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Summary:

Until it launched this past week, FanLib, a site dedicated to showcasing fan fiction, had been working in stealth mode after raising a previ…

Until it launched this past week, FanLib, a site dedicated to showcasing fan fiction, had been working in stealth mode after raising a previously unannounced $3 million from H.I.G. Ventures at the end of last year. Fan fiction is “a broadly-defined term for fiction about characters or settings written by fans of the original work, rather than by the original creators. Fan fiction usually describes works which are [generally] uncommissioned by the owner of the work, and usually (but not always) works which are not professionally published.”

In FanLib’s case, it launches with co-promotional partners including HarperCollins, Penguin Books, Showtime Networks, Simon & Schuster, and Starz Entertainment. The launch partners are heavily featured and have customized marketing integrated on the site while providing promotion for the site. Release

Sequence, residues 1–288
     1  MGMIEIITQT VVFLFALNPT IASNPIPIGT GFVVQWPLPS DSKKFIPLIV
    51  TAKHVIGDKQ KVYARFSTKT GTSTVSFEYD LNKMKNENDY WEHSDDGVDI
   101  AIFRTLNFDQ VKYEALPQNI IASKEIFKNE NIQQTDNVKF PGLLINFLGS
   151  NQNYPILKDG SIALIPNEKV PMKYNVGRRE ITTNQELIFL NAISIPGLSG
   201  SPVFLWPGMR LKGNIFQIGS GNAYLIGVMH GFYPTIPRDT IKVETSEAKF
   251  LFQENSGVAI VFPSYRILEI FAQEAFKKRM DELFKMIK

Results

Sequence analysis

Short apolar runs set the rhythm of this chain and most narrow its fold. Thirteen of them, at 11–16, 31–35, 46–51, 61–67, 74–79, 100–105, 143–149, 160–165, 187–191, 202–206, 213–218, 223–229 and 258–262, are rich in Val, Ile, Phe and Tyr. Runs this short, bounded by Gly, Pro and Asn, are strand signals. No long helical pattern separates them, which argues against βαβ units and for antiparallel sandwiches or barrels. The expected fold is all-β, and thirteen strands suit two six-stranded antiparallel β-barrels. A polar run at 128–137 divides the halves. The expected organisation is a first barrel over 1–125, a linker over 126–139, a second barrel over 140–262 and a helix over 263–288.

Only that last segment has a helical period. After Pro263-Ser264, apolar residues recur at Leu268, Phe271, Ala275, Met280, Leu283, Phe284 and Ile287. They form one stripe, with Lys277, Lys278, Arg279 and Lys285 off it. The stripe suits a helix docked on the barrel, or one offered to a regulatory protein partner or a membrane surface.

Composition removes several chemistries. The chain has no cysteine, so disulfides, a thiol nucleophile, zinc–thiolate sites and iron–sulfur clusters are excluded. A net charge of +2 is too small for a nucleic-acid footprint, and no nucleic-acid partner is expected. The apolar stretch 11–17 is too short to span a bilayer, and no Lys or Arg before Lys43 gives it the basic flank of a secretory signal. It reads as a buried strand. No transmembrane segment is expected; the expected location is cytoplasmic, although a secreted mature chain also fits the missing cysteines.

1. Nice do I need to say more

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  2. i suggest you go here: http://icarusancalion.livejournal.com/626928.html
    for some indication as to how FANLIB is being viewed by, you know, actual fanfic authors. a pathetic attempt at making a buck off-of other people's work. i am only comforted by the fact that it will be sure to fail.

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  3. Yeah, there's nothing as awesome as writing for free so that other people can a) make money from your work, and b) expose you to all legal liabilities. Their TOS is one big "hold harmless" clause that no professional writer would ever sign.

    Web 2.0 my asterisk–this is old-school robber-baron nonsense at its finest.

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  4. Um, yeah, I have yet to find an actual fan who thinks this is a good idea.

    Then again, we all know that turning underground creative movements into mainstream capitalist ventures is always a good move, especially when an all-male board claims to provide validation to an overwhelmingly female community that has operated independently and successfully for at least forty years.

    Or you know… not.

    p.s. Crappy adds with overtures of homophobia and sexism which belittle the kind of men its target audience is most likely to identify with and want to write about? The glue is not for eating boys. Makes the brain meats sad.

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